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Hoffmann, R. A wiki for the life sciences where authorship matters. Nature Genetics (2008)

Analysis of carboxylic acid metabolites from the tricarboxylic acid cycle in Bacillus subtilis cell extract by capillary electrophoresis using an indirect photometric detection method.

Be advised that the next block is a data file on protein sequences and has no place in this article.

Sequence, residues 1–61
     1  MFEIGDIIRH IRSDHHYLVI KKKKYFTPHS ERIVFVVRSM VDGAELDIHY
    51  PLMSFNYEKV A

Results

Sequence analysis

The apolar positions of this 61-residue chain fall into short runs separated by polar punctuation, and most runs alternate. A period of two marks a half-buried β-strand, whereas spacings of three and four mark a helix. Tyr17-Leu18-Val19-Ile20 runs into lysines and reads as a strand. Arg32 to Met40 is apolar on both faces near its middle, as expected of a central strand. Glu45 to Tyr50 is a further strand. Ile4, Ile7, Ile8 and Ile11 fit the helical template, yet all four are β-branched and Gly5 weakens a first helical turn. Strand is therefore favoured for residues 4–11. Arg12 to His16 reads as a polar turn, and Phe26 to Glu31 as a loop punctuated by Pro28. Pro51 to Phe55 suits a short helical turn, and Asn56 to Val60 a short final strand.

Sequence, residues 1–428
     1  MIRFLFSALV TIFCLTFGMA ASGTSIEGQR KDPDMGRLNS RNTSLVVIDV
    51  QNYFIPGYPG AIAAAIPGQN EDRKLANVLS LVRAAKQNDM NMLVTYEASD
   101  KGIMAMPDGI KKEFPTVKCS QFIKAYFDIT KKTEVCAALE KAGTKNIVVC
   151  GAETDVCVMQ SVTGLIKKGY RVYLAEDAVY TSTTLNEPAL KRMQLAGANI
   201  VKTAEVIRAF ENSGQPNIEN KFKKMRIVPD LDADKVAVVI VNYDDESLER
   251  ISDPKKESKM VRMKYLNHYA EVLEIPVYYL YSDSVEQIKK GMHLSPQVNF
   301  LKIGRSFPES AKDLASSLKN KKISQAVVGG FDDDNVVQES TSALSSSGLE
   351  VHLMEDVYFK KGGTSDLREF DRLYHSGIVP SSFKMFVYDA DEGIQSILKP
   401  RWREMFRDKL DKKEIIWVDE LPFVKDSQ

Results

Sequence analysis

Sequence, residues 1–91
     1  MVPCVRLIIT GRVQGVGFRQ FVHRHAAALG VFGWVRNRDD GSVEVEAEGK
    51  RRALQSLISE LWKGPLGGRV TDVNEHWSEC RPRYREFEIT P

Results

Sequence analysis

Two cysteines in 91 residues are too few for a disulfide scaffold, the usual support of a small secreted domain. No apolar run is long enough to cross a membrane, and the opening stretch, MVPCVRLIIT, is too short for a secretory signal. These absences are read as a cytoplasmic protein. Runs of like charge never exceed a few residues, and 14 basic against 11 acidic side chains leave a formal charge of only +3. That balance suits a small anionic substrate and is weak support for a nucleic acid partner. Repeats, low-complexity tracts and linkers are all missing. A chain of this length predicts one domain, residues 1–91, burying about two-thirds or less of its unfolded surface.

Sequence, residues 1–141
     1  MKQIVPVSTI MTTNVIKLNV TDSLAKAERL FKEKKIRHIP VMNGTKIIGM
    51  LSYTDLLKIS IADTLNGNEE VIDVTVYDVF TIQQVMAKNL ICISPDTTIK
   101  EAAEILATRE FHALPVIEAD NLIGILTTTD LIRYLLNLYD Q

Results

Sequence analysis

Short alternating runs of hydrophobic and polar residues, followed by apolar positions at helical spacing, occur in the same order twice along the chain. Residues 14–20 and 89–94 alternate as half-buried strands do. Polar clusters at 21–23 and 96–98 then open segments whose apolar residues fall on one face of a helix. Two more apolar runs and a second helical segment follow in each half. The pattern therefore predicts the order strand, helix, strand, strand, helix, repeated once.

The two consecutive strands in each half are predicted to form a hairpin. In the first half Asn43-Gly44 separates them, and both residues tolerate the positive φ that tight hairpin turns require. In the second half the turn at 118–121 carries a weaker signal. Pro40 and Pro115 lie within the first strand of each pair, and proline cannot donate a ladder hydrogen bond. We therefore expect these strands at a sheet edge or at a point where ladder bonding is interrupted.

With a growing interest in metabolome analysis, there is a need for developing robust methods for analysis of intracellular metabolites profiles in real samples like e.g., bacteria cell. Due to their weak absorbance properties, tri- and dicarboxylic acids from TCA cycle (citric, isocitric, 2-oxoglutaric, succinic, fumaric, malic) as well as carboxylic acid metabolites from glycolysis pathway, urea cycle and metabolism of amino compounds (formic, pyruvic, lactic, acetic, glutamic) were analyzed by capillary electrophoresis (CE) with indirect UV detection. Using 4 mM 2,6-pyridinedicarboxylic acid as a highly UV absorbing carrier electrolyte, 0.2 mM cetyltrimethylammonium bromide, 10% ethylene glycol and 10% acetonitrile, pH 3.5, carboxylic acids metabolites were analyzed in Bacillus subtilis cell extract from two different cultures: glucose and malate. CE with an electrokinetic injection mode achieved limits of detection in the range of 13-54 ppb (1.12-10(-7) - 5.96-10(-7) M). The reproducibility and linearity of method was investigated with RSD for migration time less than 1.3% and acceptable correlation coefficients. The optimized CE method was used to compare metabolome content of cell extract derived from two different culture media containing either glucose or malate as a carbon source. The changes in carboxylic acid metabolites profile were observed depending from used culture medium. Carboxylic acid concentrations ranged: in cell extract from malate culture from 59 to 0.5 microM for lactate and citrate, respectively, and in cell extract from glucose culture from 133 to 0.5 microM for glutamate and citrate, respectively. Appropriate concentrations of carboxylic acid in the single bacterium cell were estimated at mM and sub-mM levels.[1]


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